Tuesday, May 8, 2012


The Eternal Distro

First we'll spell out some simple terminology:

Distro is short for distribution which in the software world mainly means Linux and BSD these days.

Now, as good as the existing distros are (I use a bunch of different versions of Fedora Linux including fc1, f10 and f14, and also Vector Linux Classic and OpenBSD) they all have one irritating problem in that their software repositories disappear. OpenBSD 4.7 disappeared recently and Fedora Core 1 disappeared ages ago.

Once the software repos disappear one can no longer simply download packages using their package manager of choice. In theory one could try to hunt down the binary packages or even the source code, but there's no guarantee that you'll be able to find either. Already the source code for older versions of KDE have vanished off the internet. The main problem is hard drive storage space and the people running ftp sites for various different distros are always finding it necessary to delete the old stuff to make room for the new stuff.

There's another upgrade treadmill at work here which I call the hardware upgrade treadmill. It means that we have the additional problem of having to replace aging hardware. The problems of finding old replacement parts for our old hardware combined with disappearing software make the act of dumping your old computer for a new one almost a necessity.

Even so computer hardware can last a long time. There are many examples of even 70's era hardware still working today. A Commodore PET from 1978 would be 34 years old now in 2012. I'm told even the old cassette tapes for the PET still work. But even so I wouldn't expect anyone to use a Commodore PET computer as their main machine today. Even if they did replacement parts would be very hard to come by. If we look at a relatively modern Intel P3 system built in 1998 (14 years) we can safely say such a computer is still viable today. There's no reason why it couldn't run a web or email server. Also replacement parts for P3 systems are available in massive quantities.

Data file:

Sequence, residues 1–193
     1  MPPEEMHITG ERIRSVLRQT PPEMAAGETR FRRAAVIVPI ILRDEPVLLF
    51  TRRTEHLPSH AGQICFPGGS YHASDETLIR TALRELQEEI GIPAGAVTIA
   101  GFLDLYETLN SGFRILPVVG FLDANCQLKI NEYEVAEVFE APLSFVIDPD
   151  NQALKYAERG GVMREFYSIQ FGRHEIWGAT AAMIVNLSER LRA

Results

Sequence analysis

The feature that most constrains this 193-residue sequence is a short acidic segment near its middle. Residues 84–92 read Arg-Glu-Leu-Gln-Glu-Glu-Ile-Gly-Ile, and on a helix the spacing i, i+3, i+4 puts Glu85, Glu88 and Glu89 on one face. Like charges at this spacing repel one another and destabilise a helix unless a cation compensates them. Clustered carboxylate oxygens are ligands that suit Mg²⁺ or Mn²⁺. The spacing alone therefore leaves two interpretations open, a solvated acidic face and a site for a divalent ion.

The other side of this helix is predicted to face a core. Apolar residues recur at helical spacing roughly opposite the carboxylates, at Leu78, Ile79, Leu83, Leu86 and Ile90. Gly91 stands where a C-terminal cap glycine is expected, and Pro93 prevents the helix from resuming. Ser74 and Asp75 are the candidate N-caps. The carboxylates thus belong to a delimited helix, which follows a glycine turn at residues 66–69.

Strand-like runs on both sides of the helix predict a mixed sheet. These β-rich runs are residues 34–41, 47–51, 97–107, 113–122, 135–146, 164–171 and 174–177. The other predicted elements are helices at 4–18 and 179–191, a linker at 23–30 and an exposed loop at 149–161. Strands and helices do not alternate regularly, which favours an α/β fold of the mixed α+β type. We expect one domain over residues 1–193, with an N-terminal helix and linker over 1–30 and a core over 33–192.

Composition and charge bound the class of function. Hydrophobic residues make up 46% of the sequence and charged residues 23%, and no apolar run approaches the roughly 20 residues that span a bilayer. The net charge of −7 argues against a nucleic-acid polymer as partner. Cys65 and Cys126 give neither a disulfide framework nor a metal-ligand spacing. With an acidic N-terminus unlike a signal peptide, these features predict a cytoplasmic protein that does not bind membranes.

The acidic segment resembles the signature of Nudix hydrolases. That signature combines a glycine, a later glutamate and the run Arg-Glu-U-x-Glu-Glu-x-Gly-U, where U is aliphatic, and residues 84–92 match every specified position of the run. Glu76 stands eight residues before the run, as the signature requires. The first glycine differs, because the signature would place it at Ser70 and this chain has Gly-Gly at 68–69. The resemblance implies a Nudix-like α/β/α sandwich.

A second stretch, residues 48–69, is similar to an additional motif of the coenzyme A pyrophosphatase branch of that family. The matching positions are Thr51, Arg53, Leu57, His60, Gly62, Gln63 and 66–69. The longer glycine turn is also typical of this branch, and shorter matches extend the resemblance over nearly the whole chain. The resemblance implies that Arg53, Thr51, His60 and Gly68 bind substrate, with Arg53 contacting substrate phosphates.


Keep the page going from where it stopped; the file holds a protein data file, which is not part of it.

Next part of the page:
The software repos for a specific version of Linux or BSD never last 14 years though. So in fact we see that software ages even more quickly than hardware. There are some distros that while one couldn't call them eternal they still linger for a long time. One such distro is Basic Linux 3 which is based on Slackware 4.0 which I've written about before. It is one possible starting point to make an Eternal Distro.

Now we will describe the attributes of the system that the Eternal Distro will run on... this is a somewhat arbitrary process, but we'll stick with something like the Intel P3 system due to it's ubiquity.

- Intel P3 cpu at least 500 mhz in speed
- some video card capable of at least 1024x768 resolution
- a DVD rom drive, one that can burn CD's and DVD's
- 256 megs of ram
- 40 gig hard drive
- ethernet card (In the P3 era these were still sometimes separate from the motherboard)

Finally we will try to describe the attributes of the Eternal Distro itself. We want something old but not ancient (we wouldn't want to go back all the way to Unix V7 for example). We want something that is succinct, that does core tasks like web serving and ftp and email but doesn't take up a lot of hard drive space. And perhaps the most important part of this whole idea, we will need some sort of software repository that always stays with us and doesn't just disappear one day (I'm looking at you OpenBSD 4.7).

To the best of my knowledge such a distro does not currently exist. It is easy enough to find old ISO's of Linux and BSD but you can be certain that there are no working repos for them. I mentioned that I still run Fedora Core 1. I have the three original CD's still. It's still possible to do piece-meal upgrades of application software via source code. Programs will either compile or not using gcc 3.3.2 on them. I've improved it's security in a variety of ways. The old box still makes a viable web server. But I do miss being able to "yum install package".

You never can tell when your software repos will disappear. The only advice I can give is to download the entire software repository when you still have the chance or do the configure; make; make install; thing as best you can. Or you could become the maintainer of the Eternal Distro :)

You could just mirror those software repositories you don't want to lose. Problem solved.
Hi Kevin, thanks for your comment. It's a bit unclear just how much hard drive space it would take to mirror the repositories for Openbsd 4.7 but I will look into it. I was also able to find a 4.7 repo later on.

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